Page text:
British Columbia

Vancouver's participation in 2026 World Cup bid thrown into doubt

The Canadian government announced its support Tuesday for the North American bid for the 2026 World Cup, but it's unknown whether Vancouver will be a part of it.

B.C. government says it's "exploring the opportunities and the risks," but bid deadline is this week

The Vancouver Whitecaps have done a good job of tailoring the building into a venue worthy of World Cup play, according to club president Bob Lenarduzzi. (Vancouver Whitecaps)

The Canadian government announced its support Tuesday for the North American bid for the 2026 World Cup, but it's unknown whether Vancouver will be a part of it. 

"It's a great opportunity, as we know. But it also comes with potential risks, so we're looking at those risks and going to make a decision that's in the best interest of B.C. taxpayers," said Lisa Beare, minister of tourism, arts and culture.

The provincial government owns B.C. Place, the only site in Vancouver where potential World Cup games could be played. 

The official deadline for the 2026 World Cup bid — jointly submitted by Canada, the United States and Mexico — is March 16, and Vancouver was short-listed as a host city last year, along with Edmonton, Toronto and Montreal.

FIFA will choose between the North American bid and Morocco this June. It's expected Canada would host 10 games, likely at two cities, if the bid was successful.

But B.C. Liberal MLA Jas Johal alleged in question period that an internal deadline to be part of the bid passed on Monday — something which Beare would neither confirm or deny.

"We're still in contact with the bid committee," she said.

"B.C. residents loves soccer, as do we at the province. This is of course something fans would be looking forward to, but we have to take a look at all the opportunities surrounding it and all the risks surrounding it."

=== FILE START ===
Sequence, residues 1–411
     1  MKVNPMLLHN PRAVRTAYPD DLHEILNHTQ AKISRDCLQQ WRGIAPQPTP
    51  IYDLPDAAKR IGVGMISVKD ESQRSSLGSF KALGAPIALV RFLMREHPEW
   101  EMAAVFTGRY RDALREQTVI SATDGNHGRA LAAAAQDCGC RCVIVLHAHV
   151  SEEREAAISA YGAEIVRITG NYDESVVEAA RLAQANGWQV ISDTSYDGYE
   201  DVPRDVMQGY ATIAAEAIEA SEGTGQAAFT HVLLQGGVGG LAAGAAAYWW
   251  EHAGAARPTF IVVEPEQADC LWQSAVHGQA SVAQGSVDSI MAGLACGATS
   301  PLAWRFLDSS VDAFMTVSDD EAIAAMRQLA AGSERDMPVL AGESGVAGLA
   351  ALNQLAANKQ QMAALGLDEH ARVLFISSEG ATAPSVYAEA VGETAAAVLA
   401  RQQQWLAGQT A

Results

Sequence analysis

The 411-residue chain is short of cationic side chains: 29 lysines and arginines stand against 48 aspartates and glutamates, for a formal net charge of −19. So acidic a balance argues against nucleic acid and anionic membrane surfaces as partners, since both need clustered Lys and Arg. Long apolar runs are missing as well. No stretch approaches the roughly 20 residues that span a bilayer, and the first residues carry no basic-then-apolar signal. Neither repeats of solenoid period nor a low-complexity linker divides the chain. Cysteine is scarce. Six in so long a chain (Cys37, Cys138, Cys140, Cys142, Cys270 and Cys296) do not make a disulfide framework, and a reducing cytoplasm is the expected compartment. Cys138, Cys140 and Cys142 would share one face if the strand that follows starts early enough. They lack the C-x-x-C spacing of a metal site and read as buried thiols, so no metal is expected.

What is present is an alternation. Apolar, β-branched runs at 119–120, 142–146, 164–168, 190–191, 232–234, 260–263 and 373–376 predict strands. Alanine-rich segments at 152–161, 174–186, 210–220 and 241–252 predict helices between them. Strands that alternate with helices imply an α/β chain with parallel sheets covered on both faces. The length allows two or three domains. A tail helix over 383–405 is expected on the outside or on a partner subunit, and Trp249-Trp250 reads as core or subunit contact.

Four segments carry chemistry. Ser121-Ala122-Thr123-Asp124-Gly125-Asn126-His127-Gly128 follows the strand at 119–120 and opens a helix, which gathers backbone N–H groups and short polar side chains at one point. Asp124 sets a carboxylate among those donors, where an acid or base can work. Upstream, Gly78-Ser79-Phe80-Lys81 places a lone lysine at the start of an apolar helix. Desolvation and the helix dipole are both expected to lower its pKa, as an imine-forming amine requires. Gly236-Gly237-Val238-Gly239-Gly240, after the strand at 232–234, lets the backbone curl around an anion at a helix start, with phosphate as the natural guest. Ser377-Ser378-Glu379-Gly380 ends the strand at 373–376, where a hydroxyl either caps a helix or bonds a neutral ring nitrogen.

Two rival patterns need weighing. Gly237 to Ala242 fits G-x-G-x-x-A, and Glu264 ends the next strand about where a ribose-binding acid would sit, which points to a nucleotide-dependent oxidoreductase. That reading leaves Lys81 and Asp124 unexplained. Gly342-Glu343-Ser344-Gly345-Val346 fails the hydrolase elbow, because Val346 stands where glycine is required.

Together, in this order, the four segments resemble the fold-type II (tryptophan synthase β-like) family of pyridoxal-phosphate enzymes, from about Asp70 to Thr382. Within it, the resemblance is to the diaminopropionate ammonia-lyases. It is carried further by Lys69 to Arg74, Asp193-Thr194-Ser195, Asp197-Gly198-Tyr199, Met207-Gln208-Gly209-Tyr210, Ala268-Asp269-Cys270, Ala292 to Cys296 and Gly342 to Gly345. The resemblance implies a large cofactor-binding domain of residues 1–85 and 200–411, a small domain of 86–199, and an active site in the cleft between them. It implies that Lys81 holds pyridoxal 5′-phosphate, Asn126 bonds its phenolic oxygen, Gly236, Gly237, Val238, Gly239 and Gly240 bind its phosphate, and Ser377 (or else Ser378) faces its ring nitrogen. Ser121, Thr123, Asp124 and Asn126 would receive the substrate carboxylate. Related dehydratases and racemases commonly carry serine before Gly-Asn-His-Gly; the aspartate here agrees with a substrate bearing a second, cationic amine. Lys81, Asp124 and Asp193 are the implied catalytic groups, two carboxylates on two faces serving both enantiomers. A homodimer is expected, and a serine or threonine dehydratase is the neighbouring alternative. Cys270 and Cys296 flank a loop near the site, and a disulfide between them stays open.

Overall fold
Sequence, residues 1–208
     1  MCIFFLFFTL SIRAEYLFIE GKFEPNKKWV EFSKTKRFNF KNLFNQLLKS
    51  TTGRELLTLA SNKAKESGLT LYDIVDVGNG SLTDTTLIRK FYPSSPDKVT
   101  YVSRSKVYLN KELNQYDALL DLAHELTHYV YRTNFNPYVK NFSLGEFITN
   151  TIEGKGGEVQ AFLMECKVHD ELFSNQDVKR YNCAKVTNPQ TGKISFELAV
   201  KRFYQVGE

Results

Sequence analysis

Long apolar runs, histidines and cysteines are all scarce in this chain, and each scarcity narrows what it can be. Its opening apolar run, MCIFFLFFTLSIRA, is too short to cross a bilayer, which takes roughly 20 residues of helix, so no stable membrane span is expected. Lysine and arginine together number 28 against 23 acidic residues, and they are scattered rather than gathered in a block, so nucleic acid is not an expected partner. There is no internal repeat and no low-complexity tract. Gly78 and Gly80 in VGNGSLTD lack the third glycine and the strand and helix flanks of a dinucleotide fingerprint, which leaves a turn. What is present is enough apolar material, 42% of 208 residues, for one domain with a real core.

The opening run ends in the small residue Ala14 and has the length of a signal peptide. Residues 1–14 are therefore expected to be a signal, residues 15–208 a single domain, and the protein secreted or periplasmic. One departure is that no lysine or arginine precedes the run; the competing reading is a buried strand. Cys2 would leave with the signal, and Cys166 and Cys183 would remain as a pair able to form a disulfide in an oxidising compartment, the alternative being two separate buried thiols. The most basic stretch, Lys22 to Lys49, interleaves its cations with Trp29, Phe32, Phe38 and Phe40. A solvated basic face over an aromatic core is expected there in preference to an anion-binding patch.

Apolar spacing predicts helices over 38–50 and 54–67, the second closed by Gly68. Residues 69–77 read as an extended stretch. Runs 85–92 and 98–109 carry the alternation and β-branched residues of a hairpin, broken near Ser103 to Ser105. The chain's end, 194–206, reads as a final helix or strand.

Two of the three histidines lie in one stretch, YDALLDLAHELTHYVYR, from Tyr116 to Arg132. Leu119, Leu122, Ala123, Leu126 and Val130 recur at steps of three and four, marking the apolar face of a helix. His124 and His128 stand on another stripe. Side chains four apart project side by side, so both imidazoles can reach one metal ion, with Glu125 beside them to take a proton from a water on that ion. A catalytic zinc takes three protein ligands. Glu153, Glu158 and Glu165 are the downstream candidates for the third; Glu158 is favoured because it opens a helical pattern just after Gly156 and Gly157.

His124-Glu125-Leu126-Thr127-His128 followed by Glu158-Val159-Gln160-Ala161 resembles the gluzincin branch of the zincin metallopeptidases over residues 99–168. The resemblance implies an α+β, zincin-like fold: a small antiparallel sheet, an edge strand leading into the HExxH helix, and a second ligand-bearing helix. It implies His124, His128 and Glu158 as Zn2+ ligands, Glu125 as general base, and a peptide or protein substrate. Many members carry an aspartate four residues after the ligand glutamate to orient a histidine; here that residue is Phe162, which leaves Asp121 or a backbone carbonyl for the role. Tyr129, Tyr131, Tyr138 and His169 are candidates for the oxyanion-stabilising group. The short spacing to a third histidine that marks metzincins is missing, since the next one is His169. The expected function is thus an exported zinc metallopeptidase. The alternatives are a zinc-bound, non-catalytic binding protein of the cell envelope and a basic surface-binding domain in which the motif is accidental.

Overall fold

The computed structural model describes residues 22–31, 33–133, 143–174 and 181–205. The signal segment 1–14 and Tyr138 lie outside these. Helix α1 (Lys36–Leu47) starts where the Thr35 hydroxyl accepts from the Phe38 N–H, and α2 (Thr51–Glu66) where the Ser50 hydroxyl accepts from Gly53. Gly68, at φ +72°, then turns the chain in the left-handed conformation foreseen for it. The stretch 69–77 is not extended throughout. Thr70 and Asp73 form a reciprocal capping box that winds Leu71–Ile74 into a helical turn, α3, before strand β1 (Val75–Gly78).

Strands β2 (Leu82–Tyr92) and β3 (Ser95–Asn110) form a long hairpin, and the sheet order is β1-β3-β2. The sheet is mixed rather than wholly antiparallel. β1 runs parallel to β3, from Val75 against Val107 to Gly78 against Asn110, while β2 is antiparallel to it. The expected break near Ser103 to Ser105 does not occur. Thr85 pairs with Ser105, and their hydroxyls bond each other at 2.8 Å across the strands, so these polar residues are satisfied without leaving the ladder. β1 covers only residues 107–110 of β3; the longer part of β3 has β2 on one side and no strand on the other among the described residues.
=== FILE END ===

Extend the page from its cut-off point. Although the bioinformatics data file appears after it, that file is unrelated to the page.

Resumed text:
Horgan: draft bid rejected

A spokesperson for Soccer Canada couldn't say whether B.C. had missed any internal deadline. They said the final list of potential host cities would be made public on Friday, when the final bid is submitted to FIFA

However, Premier John Horgan said the province's draft submission was rejected last week.

"It didn't meet their expectations, but I have a higher obligation than just being a soccer fan. I have a higher obligation than just wanting to see World Cup soccer in Vancouver. I have to make sure that taxpayers aren't on the hook for unknown costs at the whim of FIFA. I'm not prepared to sign off on that," he said. 

Johal criticized the government for the uncertainty so close to the deadline. 

"There's been many months, even years put into this proposal, and at the last second to pull out ... the government shouldn't have done that," he said.

But Horgan said the responsibility was on higher bodies to ensure that B.C. wouldn't be on the hook if the budget expanded.

"I think they have to be responsible as well, and understand that as much as we'd love to see world-class soccer come to B.C., it's not at any cost." 

The City of Vancouver signed off on being part of the bid in January. In a statement, Mayor Gregor Robertson said "we've done our part to sign on to the bid and are hopeful the provincial and federal governments can find an arrangement to support the bid going forward."


Justin McElroy


Justin is the Municipal Affairs Reporter for CBC Vancouver, covering local political stories throughout British Columbia.


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